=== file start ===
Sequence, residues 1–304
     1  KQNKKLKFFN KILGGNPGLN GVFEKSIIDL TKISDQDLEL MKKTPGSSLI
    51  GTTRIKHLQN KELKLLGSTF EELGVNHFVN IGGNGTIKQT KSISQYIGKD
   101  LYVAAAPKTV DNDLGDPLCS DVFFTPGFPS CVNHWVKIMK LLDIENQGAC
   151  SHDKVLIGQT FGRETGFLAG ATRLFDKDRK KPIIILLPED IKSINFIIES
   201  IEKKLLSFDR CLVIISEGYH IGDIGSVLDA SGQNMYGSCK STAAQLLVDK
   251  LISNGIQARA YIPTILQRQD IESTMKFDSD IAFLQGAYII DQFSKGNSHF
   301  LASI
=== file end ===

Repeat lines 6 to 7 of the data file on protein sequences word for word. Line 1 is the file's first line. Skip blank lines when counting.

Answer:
   201  IEKKLLSFDR CLVIISEGYH IGDIGSVLDA SGQNMYGSCK STAAQLLVDK
   251  LISNGIQARA YIPTILQRQD IESTMKFDSD IAFLQGAYII DQFSKGNSHF